The Soldier’s Heart

Bill Swank outside the Buena Vista Garden Apartments on Cowley Way in 1955 with East Clairemont in the distance.

Early every morning, for over 34 years, I jogged (and later walked) the same three mile route through Clairemont, around Marston Junior High School to the south end of the Buena Vista Gardens Apartments and back home. During that time, I’d wave at a big man who was even slower than me. Eventually we were both headed the same direction at the same time. His name was Chris Schuehle and he grew up a few miles from my hometown in Minnesota. We became friends and walked together. He was a disabled Navy veteran, but never discussed his experience in Vietnam.

A few years later, he told me that his niece in Minnesota needed to do a Veteran’s Day report about a veteran. Chris had never shared the details of his wartime wounds with his family. He asked me to help write his story for his niece. He titled it, “The Soldier’s Heart.” This is an abbreviated version:

Chris Schuehle, Paul “PJ” Kalin, Don Olschafskie, Tom Meenan (Vũng Rô Bay, Vietnam, 1968). Photo courtesy of Don Olschafskie

“A constant high-pitched tone was ringing through my head. I felt disoriented. It was June 1968, South Viet Nam, an Army Med-Vac Unit. My right hand was in a cast and I was bandaged extensively. Both of my eardrums had been fractured, fluid drained onto the pillowcase. My eyes were swollen shut and bloody. I could barely see or hear.

Slowly, the events of the past few days became clear. I was a member of an obscure Navy team. We had a couple of gunboats and a fast Boston whaler which we occasionally used for water skiing. Our job was to patrol rivers and harbors. It was my turn for a break. I spent the day with ‘PJ,’ a fellow crew member. We found a group of Korean marines barbecuing a six-foot monitor lizard on the beach. It tasted better than expected. I remember looking up and seeing a large rock monolith. To us, it looked like the mountain… and the country was giving us the giant finger. In fact, we called it ‘Finger Mountain.’

I couldn’t sleep that night, so I joined PJ, his best friend, Tom Meenan, and ‘Molly’ Brown in the communications bunker. We were all good friends. Then I glimpsed a bright light in the corner of my eye. An RPG (rocket propelled grenade) exploded and I was blasted to the ground. I found my M16, chambered a round and fired in the direction of the muzzle flash. Another RPG came in. We knew the drill. After the frag, the VC would enter shooting and finish off anyone still alive.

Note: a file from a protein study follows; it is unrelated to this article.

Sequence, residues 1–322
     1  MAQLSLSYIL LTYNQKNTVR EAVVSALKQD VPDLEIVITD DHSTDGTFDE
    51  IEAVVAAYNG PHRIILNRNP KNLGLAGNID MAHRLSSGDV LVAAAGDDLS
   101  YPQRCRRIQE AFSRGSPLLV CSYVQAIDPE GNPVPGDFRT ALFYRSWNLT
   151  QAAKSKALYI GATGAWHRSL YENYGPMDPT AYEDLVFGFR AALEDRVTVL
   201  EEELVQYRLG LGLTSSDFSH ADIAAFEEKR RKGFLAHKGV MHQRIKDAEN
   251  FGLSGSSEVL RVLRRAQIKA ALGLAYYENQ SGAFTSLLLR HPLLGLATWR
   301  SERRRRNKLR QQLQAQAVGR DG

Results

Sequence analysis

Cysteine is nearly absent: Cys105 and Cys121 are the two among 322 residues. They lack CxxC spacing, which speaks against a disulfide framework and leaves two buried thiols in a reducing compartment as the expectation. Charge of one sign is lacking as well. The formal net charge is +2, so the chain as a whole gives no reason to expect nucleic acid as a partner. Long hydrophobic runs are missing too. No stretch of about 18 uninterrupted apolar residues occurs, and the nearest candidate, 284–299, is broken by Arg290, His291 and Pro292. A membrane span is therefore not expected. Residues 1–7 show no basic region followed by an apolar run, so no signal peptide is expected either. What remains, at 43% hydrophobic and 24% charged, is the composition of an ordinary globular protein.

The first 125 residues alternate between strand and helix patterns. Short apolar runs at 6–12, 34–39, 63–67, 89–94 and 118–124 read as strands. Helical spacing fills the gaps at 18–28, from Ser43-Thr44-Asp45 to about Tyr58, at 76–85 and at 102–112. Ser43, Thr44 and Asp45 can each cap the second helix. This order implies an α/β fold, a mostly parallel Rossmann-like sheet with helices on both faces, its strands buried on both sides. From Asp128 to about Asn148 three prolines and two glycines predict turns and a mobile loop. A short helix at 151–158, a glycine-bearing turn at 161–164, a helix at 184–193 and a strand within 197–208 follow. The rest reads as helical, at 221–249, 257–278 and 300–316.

Bullets went into Tom; his screams stopped. Two or three slugs went into Molly, but I think he was already dead. A muzzle pointed right at me. My life would be over at 21 and my mother would be heart broken. The shooter slipped – possibly in my blood – and he shot off one of my knuckles. I’d also been hit with shrapnel. What now? Time became my enemy. Finally, I heard American voices. The wounded and dead were trucked to the beach. Helicopters landed to Med Vac us out.

Hours later, I woke in an intensive care unit. My ears were ringing, but I could hear a wavering moan. It was a young man lying in the gurney next to me. His face was unmarked. He looked younger than me. He was just a boy. His mouth was moving. He was screaming, but to me, it was only a moan.

Below his perfect face was a full plaster body cast. I turned to call for help, but the doctors and nurses had already arrived. They explained his cast was too tight. His screams subsided as the pressure was relieved.

That afternoon, the commanding officer came by… a full bird (colonel). He asked what the hell I was doing there. Apparently being in the Navy was causing confusion. Later, a doctor stood in the middle of the ward and called out names. A medic presented a small box to each patient and saluted. The GIs were being awarded the Purple Heart. The doctor passed my bed and gave a sympathetic shrug. I’d have to wait to get mine through proper channels.

After dinner, the doctor returned and gave me a Purple Heart. The young boy beside me had died. I was given his Purple Heart. I could only think of his poor mother. The Army would send a replacement medal to his family.

When I left Viet Nam, my only possessions were the pajamas I wore, a faded blue bathrobe, shower shoes, an envelope of medical records, a Red Cross box… and the soldier’s Purple Heart.

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